annette campbell
3/2/2011 10:48:59 PM

Hi Tabitha, I like your idea that we need to leverage our neighborhood or social capital to reduce our expenses and increase our savings. Although we may be shy knocking on doors in our neighborhood, we can also reach out to our neighbors online. Through, you can invite your neighbors or find people interested in bulk buying and splitting expenses near your area. The site is new but it has useful features that can help people organize the logistics of mini-cooperatives, or for community volunteers to spread the word out, about their bulk purchase deals with local farmers without maintaining their own website. So hopefully, people who see the benefits of taking your neighborly advice’ to reduce their expenses will also consider SplitStuff and get their neighbors and friends on it and start splitting stuff. All the best, Annette Campbell

matrix man
2/27/2011 5:27:05 PM

Not sure how others feel about it but our animals eat well and look good and we do to. Try it! Go and buy a $7 to $10 bag of corn from your feed store and cook it then can it and you have great whole corn and cream corn. That is right! At the feed store you can buy a 50 lb bag of whole and rolled corn for pennies and it is good for you as well as for your animals. We buy 50 lb bags and lasts 3 to 4 months for us canned and cooked fresh. My kids love it. They dont eat the corn we buy in the can for a dollar but they eat this feed corn like it is going out of style. It is kind of like buying a bag of beans. You still have to wash it and sort it right well the corn is the same but not much to sort. The stuff we get is clean and tastes great! To buy it in the store, you would pay over $100 to get the same for people. We say screw that and pay no more then $10.00 for better corn from feed store. lol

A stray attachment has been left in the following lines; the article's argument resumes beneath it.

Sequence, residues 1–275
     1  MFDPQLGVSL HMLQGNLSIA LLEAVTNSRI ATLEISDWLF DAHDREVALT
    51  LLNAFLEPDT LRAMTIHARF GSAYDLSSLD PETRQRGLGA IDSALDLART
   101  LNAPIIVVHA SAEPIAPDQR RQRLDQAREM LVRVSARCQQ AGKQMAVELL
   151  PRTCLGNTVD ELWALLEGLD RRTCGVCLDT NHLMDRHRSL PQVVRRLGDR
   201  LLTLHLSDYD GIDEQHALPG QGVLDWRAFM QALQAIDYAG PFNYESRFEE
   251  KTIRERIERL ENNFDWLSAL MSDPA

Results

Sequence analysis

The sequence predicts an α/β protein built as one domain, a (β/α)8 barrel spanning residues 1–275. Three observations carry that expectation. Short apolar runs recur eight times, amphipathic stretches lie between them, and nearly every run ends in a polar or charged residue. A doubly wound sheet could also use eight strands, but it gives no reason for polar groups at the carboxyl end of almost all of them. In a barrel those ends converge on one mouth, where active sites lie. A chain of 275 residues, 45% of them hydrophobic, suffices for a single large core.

2/26/2011 7:41:00 PM

i grow as much as I can, shop from other local growers, only use whole foods, grind my own grains into flour, make everything from scratch including crackers and chips, buy in bulk when I can get the best prices. Fish in our own lake and trap and hunt on our own property. Trade with neighbors! Swap my homemade cheeses & butter for the neighbors homemade hams & bacon.

keith karolyi
2/26/2011 6:09:42 PM

Before I had a place to garden, I would purchase all of my seasonal produce at the local farmers markets in bulk and can, dry, pickle and freeze everything for the winter pantry. In truth, I was doing it to prepare for the day I could grow my own food but the experience gave me the bonus of saving a TON of money over buying everything in prepared form. Another advantage it gave me was that I could control everything that went into whatever I cooked so I never had to worry about "mystery" ingredients. I also buy my flour, yeast and sugar in bulk, bake my own bread and roast much, but not all of my own coffee beans which I buy green from a local Arabic market in Dearborn. It's amazing the flavors coffee has when it's fresh roasted that week and ground before you use it! I'll admit the coffee costs a little more but it's worth it!